Offset overhand bend
|Offset Water Knot|
|Names||Offset Water Knot, European Death Knot (EDK), Offset overhand bend, Flat overhand bend, Thumb knot, Thumb bend, Creeler's knot, Openhand knot|
|Related||Overhand knot, Water knot|
|Typical use||sewing, weaving, baling, climbing, rappelling|
|ABoK||#246, #359, #1236, #1410, #1557, #1558, #3789|
The offset overhand bend (ABoK #1410) is a knot used to join two ropes together. The offset overhand bend is formed by holding two rope ends next to each other and tying an overhand knot in them as if they were a single line. Due to its common use in several fields, this bend has become known by many names.
Easily formed in most line, the offset overhand bend is jam resistant at nominal loads of one person (i.e. approx 100kg). The jamming threshold is thought to be approximately 3kN (300kg). The instability threshold is thought to be approximately 5kN (500kg) – that is, a capsizing event becomes increasingly probable as loads approach 500kg. It is critically important to pay close attention to dressing and cinching of the knot before attempting to abseil. That is, climbers must exercise due diligence when tying this knot – by pulling firmly on each of the 4 rope segments – which is necessary to achieve a properly compacted and cinched dressing state. There is no room for carelessness when tying this knot. Long used by weavers to join the ends of yarn, the offset water knot is very old. It was one of the knots likely identified among the possessions of Ötzi the Iceman, who dates from 3300 BC. The knot is also tied in a slipped form by mechanical balers to bind straw and hay, but this bend is not practical to use as a binding knot when tied by hand.
In climbing and mountaineering
In rock climbing, the offset water knot is a favored knot for joining two ropes for a rappel longer than half the length of the ropes. (Although it can fail by capsizing under high loads, abseiling/rappelling doesn't generate such forces, and the knot, being on one side of the twin lines used in abseil, sees only half of this force.) American climbers, presumably believing the knot to be used only in hay bales or otherwise too vulnerable to flyping (inversion by capsizing), came to refer to it as the European Death Knot, abbreviated to EDK. In reality, such capsizing is actually highly unlikely, and with proper attention given to dressing and cinching the knot — the risk of capsizing is remote, though failure of this knot has been implicated in at least one accident.
Despite questions about this knot's security, it does present some advantages for use in rappels. Because the knot is offset from the axis of tension, it can translate more easily over rough surfaces and 90 degree edges than other knots; and it is quickly tied and readily untied. Since a stuck rope on a descent also represents a serious hazard to climbers, these advantages, along with ease of tying, have led to its popularity. It is recommended by some sources with the caveats that the tails be of sufficient minimum length (never less than 200mm), the knot be diligently dressed and fully tightened by pulling individually on all four rope segments, and then subjected only to moderate rappelling loads.
Furthermore, #1410 (Offset overhand bend) can be rotated to induce a choking effect to trap and crush the tails. Virtually all testers appear to only examine this knot in its mid-rotation state. It is theorized that this mid-rotation state is in fact the orientation where the structure is most vulnerable to capsizing. A new round of testing is long overdue to investigate the potential benefits of rotating the structure to induce a choking effect. In addition, when tying the offset overhand bend using different rope diameters, the thinner diameter rope must be positioned underneath the larger diameter rope. This tactic further inhibits any likelihood of capsizing.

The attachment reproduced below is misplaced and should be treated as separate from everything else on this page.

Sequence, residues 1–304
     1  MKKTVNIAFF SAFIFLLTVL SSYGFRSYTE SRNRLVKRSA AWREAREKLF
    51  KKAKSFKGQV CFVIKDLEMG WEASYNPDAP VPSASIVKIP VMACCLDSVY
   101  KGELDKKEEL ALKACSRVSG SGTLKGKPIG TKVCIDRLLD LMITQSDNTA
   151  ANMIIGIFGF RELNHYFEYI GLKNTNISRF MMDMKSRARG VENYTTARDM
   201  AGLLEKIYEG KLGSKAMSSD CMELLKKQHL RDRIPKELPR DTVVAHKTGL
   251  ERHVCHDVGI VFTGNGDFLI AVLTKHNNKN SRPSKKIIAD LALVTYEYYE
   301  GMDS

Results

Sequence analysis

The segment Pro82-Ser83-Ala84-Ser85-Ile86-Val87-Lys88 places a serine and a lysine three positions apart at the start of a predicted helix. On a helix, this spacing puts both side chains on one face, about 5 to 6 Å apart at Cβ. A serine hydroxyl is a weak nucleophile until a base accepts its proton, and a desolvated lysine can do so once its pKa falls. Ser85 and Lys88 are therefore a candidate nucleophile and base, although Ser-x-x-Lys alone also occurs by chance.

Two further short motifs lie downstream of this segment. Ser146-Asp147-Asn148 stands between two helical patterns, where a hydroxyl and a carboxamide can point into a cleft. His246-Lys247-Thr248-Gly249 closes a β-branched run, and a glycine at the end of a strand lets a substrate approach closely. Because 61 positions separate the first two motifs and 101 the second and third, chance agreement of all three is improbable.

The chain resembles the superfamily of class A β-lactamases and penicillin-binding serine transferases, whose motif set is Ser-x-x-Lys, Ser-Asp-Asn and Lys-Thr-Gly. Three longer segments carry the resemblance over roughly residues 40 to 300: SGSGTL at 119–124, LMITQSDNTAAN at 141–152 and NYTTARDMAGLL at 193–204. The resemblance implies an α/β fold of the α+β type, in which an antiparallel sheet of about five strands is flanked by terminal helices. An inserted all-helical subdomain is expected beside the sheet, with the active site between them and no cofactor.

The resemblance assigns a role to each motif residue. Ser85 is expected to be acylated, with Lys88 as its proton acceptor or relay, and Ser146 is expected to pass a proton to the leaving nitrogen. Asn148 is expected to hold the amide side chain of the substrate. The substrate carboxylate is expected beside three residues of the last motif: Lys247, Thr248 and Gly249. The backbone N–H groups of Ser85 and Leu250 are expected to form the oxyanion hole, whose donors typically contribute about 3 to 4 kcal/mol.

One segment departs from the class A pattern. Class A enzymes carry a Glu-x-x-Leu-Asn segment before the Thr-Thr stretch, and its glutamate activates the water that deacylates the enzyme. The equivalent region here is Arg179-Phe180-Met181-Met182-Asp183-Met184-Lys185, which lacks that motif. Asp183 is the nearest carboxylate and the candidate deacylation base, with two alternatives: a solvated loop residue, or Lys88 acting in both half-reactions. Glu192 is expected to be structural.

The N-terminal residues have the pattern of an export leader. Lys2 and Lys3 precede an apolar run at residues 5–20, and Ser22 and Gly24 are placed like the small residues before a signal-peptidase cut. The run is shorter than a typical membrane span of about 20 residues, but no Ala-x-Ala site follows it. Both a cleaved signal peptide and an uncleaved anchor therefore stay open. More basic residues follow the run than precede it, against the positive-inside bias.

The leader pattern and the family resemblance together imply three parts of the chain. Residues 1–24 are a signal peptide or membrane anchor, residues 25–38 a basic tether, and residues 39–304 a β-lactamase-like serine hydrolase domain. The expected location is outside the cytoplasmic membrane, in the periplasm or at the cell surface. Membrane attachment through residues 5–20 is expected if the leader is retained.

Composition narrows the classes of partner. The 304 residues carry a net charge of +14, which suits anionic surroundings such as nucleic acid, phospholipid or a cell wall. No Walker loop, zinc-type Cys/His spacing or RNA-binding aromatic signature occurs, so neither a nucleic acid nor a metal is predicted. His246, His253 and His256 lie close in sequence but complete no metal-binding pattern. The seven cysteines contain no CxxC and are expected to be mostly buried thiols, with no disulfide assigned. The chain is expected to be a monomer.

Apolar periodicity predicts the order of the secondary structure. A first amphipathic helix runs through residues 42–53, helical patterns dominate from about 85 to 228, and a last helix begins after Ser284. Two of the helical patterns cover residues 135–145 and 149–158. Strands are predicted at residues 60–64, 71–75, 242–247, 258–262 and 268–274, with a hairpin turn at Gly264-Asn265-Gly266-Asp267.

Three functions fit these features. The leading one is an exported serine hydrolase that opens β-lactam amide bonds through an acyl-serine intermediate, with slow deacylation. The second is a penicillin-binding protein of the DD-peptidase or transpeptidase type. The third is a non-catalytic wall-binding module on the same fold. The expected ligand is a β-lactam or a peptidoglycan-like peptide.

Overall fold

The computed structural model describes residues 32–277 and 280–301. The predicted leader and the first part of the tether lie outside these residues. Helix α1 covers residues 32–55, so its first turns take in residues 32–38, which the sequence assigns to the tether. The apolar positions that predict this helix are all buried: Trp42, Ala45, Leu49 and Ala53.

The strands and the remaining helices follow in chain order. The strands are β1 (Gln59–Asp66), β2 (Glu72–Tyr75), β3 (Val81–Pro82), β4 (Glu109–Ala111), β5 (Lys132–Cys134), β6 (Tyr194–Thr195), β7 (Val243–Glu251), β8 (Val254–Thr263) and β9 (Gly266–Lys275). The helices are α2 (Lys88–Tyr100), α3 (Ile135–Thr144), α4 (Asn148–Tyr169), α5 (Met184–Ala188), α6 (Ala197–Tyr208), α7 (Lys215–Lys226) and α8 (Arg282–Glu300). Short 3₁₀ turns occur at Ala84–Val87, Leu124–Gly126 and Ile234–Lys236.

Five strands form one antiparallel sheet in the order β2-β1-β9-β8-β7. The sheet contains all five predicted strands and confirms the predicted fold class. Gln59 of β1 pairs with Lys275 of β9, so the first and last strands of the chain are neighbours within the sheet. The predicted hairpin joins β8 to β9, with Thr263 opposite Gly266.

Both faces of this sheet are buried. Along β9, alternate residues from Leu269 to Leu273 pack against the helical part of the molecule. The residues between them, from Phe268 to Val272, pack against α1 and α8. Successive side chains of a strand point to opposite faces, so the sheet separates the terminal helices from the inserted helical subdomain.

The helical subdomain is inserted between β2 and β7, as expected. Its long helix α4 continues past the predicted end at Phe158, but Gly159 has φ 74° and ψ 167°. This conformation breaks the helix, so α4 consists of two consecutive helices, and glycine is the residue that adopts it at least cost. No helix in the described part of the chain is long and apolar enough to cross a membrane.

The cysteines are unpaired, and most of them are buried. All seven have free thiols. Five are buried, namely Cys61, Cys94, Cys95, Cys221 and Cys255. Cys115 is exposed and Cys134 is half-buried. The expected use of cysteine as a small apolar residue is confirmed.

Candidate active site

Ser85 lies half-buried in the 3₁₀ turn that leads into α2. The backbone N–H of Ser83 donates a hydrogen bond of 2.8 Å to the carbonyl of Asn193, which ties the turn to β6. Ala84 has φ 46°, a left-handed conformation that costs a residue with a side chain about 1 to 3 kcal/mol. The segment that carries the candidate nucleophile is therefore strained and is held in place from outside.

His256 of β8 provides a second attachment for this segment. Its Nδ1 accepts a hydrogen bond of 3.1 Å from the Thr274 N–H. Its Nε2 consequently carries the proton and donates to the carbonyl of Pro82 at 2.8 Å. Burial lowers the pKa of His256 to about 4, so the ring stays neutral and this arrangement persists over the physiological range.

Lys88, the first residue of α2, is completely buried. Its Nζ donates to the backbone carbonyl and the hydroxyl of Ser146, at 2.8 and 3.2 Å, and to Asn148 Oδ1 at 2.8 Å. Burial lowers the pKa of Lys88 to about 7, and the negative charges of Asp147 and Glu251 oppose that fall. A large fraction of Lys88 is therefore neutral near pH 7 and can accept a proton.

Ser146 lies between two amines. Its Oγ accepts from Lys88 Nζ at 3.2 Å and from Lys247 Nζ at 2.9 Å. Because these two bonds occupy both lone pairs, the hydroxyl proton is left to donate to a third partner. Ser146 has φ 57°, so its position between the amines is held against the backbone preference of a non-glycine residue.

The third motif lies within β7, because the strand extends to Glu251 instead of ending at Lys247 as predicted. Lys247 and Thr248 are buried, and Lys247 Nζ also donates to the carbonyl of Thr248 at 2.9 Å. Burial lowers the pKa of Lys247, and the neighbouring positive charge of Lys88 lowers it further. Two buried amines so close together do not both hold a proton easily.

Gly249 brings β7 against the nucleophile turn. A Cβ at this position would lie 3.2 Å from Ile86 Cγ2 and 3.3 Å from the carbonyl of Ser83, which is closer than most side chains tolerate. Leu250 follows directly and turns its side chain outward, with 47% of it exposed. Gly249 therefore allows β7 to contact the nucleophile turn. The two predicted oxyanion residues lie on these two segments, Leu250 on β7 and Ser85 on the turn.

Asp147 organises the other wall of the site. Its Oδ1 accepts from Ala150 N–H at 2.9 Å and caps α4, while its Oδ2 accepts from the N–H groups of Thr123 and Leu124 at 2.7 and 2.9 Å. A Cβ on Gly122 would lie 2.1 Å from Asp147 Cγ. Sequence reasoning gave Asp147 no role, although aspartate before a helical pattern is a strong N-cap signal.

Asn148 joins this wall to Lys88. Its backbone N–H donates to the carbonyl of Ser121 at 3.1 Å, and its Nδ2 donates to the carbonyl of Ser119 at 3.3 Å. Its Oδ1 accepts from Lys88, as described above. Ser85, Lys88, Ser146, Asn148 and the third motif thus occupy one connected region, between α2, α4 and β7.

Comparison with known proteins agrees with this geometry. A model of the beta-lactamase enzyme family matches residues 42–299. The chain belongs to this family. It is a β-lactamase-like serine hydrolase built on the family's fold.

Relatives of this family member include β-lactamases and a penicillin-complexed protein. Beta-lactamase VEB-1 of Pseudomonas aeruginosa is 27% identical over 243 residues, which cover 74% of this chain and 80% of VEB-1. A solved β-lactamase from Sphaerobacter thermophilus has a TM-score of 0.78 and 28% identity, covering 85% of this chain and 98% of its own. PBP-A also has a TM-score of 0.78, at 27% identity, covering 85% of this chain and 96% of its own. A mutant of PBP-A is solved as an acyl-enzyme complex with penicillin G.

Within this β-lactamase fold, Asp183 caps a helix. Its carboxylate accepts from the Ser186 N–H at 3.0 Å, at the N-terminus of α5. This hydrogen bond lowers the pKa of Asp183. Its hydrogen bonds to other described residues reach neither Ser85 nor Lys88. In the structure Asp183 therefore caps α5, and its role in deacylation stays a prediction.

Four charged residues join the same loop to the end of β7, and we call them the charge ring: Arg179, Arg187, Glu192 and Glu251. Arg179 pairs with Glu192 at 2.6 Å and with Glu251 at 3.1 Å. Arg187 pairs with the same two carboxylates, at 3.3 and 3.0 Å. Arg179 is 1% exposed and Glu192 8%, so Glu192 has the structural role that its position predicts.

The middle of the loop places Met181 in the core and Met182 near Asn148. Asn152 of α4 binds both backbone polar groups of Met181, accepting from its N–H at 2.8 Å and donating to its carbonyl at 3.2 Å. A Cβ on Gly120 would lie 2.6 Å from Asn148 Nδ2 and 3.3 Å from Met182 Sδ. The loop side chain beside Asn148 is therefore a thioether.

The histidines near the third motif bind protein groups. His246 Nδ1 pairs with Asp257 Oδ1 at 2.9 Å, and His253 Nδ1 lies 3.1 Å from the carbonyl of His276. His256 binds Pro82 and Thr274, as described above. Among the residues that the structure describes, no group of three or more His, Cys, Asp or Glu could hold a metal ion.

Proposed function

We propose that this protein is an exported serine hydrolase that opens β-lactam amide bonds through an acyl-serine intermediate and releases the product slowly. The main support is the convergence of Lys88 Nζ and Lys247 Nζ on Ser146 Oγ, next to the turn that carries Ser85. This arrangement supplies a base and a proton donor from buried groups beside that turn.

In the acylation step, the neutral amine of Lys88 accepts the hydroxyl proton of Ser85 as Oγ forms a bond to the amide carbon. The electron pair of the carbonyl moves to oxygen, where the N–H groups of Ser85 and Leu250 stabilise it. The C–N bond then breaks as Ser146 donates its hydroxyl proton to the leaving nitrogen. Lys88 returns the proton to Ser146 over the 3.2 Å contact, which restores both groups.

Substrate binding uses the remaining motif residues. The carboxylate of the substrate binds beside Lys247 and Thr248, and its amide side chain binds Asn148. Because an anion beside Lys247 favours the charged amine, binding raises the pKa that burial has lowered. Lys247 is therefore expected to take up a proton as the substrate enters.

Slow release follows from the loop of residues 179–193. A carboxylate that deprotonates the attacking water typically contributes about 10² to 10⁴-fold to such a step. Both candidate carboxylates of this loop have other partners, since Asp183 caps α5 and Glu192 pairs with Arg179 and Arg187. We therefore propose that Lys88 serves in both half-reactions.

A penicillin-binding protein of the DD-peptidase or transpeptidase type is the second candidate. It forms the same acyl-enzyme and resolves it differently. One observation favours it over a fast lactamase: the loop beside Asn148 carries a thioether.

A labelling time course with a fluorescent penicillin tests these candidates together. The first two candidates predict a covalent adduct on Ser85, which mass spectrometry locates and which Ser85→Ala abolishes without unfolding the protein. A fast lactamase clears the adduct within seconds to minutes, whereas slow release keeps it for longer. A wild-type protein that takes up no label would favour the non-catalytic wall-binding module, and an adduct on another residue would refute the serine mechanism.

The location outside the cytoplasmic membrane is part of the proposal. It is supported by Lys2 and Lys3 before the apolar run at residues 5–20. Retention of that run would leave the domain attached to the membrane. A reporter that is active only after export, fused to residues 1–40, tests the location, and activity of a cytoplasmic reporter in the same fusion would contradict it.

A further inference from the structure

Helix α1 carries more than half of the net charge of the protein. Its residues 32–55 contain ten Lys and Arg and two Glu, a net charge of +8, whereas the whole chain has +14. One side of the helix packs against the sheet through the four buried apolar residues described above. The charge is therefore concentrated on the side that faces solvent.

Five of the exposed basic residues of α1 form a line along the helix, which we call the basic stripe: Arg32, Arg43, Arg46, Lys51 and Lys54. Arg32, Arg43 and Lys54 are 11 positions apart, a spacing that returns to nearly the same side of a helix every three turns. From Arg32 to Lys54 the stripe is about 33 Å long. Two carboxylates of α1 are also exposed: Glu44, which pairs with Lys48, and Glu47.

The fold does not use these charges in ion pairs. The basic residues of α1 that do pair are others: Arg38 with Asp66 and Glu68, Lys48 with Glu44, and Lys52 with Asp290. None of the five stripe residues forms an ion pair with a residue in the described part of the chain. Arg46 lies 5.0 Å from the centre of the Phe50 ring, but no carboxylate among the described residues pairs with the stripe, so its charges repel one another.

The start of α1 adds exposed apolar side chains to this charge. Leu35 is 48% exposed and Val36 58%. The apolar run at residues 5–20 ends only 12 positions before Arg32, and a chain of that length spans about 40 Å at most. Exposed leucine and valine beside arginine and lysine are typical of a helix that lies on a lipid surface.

The Offset figure-eight bend, a similar knot using the figure-eight knot, has been used in the belief that its greater size and complexity brings more security. But testing and more than one fatal failure indicate the figure-eight variant to be less secure, more prone to capsize at lower loads, and in capsizing uses more of the ends than does a capsizing overhand bend. Moreover, while there is one obvious proper dressing of the Overhand Bend, there are a couple of dressings for the Offset Figure Eight Bend.
- Cyrus Lawrence Day (1986), The Art of Knotting and Splicing (4th ed.), Annapolis: Naval Institute Press, pp. 52–53
- van der Kleij, Gerre (1996), "On Knots and Swamps", in Turner, J.C.; van de Griend, P., History and Science of Knots, K&E Series on Knots and Everything, 11, Singapore: World Scientific Publishing, pp. 34–35, ISBN 981-02-2469-9
- Ashley, Clifford W. (1944), The Ashley Book of Knots, New York: Doubleday, p. 45
- "Flat Overhand Knot Pull Test With Wet Rope", YouTube (Video), Outdoor Pursuits - Campus Recreation at Auraria, 2014-09-15, retrieved 2018-07-10
- "Flat Overhand with Backup Knot Dry Pull Test", YouTube (Video), Outdoor Pursuits - Campus Recreation at Auraria, 2014-11-06, retrieved 2018-10-10
- "The Breaking Machine". Vimeo. 0:18 to 0:27. Retrieved 2018-10-10.
- Delaney, Richard (2012-04-15), "EDK Edelrid 11mm super static", YouTube (Video), retrieved 2018-10-14
- Tom Moyer (1999-11-09), Rope and Gear Testing: Pull Tests of the "Euro Death-Knot"
- Magnuson, Mark. "Use of the Overhand Knot for Rappels". Cragmont Climbing Club. Retrieved 2018-07-10.
- Gaines, Bob; Martin, Jason D. (2014-05-20). Rock Climbing: The AMGA Single Pitch Manual. Rowman & Littlefield. p. 84. ISBN 9781493009626.
In one such rappelling accident in recent times (in the Tetons, September 1997), the flat overhand failed when it was sloppily tied with too short of a tail.
- Soles, Clyde (2004), The Outdoor Knot Book, Seattle: The Mountaineers Books, pp. 125–127, ISBN 978-0-89886-962-0